This museum was certainly one of the highlights of our visit to Paris. It is a family home turned into a first class museum. Edouard Andre was the son of a wealthy, Protestant banking family and Nelie Jacquemart was a young Catholic painter from a modest family. Their mutual love of art is very evident in their magnificent collection. Not having any children they agreed to leave their collection to the people of France. He had a sure eye for acquisitions and she had a flare for the proper display of the works. You will be wowed by this museum.
Part of your entrance fee includes a headphone tour and this helps to enhance your appreciation of the works and the setting.
The first parlor you enter was set up to impress guests and it still does. It includes 2 Viger Lebrun portraits, 2 Canalettos, 2 Nattiers and 2 Bouchers. The grand salon has 18th century tapestries and paneling. There are walls that go into the floor that allow 3 rooms to become one and accomadate 1000 people at a party.
The tapestry room was constructed to fit the tapestries. It has a beautiful panelled ceiling and lovely furniture in pastel colors. They bought not only art works but whole rooms, ceilings, walls, doors, panelling etc. What ever they found beautiful and could fit into one of their homes.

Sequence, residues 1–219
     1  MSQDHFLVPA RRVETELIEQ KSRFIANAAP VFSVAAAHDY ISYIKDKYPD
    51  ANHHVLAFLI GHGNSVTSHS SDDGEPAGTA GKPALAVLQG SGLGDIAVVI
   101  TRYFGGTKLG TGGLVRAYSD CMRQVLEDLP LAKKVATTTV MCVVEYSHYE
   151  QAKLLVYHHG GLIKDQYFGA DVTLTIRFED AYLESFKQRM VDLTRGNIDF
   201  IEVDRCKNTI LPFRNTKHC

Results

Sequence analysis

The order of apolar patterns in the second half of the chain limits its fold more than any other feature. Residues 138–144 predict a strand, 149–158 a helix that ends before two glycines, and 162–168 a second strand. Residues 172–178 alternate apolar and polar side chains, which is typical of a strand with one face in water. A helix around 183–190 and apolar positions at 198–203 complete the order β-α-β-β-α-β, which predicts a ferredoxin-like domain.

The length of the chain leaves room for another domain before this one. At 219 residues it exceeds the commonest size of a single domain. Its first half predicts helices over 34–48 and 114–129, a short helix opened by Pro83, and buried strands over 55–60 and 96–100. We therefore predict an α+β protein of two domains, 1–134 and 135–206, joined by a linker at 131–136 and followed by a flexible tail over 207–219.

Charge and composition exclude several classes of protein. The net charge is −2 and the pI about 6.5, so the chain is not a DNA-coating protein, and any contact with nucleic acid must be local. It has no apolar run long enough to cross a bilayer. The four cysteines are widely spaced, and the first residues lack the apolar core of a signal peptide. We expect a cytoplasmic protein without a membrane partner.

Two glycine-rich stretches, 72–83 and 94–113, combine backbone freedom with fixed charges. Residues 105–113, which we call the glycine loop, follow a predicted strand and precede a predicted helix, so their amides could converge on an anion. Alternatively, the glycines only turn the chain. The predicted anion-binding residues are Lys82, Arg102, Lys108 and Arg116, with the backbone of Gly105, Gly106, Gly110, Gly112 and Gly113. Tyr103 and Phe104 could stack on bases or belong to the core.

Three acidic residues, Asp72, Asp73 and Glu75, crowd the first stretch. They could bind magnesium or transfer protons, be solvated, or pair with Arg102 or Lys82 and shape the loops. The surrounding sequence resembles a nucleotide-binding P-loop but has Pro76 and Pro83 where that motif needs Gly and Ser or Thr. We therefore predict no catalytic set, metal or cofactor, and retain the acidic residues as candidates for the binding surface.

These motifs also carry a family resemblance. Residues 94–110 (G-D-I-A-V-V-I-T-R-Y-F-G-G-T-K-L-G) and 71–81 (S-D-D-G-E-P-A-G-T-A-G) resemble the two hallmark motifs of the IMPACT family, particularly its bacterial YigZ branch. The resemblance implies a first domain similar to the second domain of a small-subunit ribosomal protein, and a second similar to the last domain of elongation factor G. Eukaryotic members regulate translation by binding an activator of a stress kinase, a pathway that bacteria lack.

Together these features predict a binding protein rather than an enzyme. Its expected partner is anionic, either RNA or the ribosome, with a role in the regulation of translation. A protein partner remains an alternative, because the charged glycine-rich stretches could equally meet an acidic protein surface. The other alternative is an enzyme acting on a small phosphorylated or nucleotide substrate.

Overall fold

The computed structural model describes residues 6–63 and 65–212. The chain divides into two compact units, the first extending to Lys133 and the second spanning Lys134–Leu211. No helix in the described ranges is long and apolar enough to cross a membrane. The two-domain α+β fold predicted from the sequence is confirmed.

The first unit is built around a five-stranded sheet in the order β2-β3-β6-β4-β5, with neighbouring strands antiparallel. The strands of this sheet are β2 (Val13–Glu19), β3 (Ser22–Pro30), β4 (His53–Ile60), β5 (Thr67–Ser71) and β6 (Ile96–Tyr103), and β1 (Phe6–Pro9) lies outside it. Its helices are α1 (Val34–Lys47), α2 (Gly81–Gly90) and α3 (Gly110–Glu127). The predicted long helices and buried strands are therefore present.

In 1872 Nelie Jacquemart painted Edouard portrait. They didn't marry until 1881 but one has to wonder if they fell in love during the painting of the portrait. It is on display in the house. Part of the attraction here is the very real story of these two extraordinary people. The other part of the attraction is of course the art.
There are Rembrandts, Van Dykes, Frans Hals, Tiepolo, David, Lawrence, Reynolds, Gainsborough, Bernini, Boticelli, Mantagna, Fragonard, Chardin, and more all set in the most lovely rooms of furniture and decorative arts. Its not too much, its just enough.
This is finast collection in France, second only to the Louvre and it belonged to one couple. Its amazing.
There is a really superior gift shop and a cafe which had a very long line. Most of the people here appear to be French, its about time they shared their secret.